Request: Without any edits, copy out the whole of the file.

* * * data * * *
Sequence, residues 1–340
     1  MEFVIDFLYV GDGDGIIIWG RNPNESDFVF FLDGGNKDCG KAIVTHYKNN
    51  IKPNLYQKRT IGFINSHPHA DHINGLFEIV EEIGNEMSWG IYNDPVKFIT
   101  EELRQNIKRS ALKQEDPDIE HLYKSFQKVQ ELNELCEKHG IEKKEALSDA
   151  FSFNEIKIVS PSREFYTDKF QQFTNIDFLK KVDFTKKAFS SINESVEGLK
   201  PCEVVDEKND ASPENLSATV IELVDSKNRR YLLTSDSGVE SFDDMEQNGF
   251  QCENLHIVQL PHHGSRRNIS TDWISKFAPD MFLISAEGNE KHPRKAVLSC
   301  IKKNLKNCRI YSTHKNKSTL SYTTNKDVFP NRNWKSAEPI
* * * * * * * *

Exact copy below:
Sequence, residues 1–340
     1  MEFVIDFLYV GDGDGIIIWG RNPNESDFVF FLDGGNKDCG KAIVTHYKNN
    51  IKPNLYQKRT IGFINSHPHA DHINGLFEIV EEIGNEMSWG IYNDPVKFIT
   101  EELRQNIKRS ALKQEDPDIE HLYKSFQKVQ ELNELCEKHG IEKKEALSDA
   151  FSFNEIKIVS PSREFYTDKF QQFTNIDFLK KVDFTKKAFS SINESVEGLK
   201  PCEVVDEKND ASPENLSATV IELVDSKNRR YLLTSDSGVE SFDDMEQNGF
   251  QCENLHIVQL PHHGSRRNIS TDWISKFAPD MFLISAEGNE KHPRKAVLSC
   301  IKKNLKNCRI YSTHKNKSTL SYTTNKDVFP NRNWKSAEPI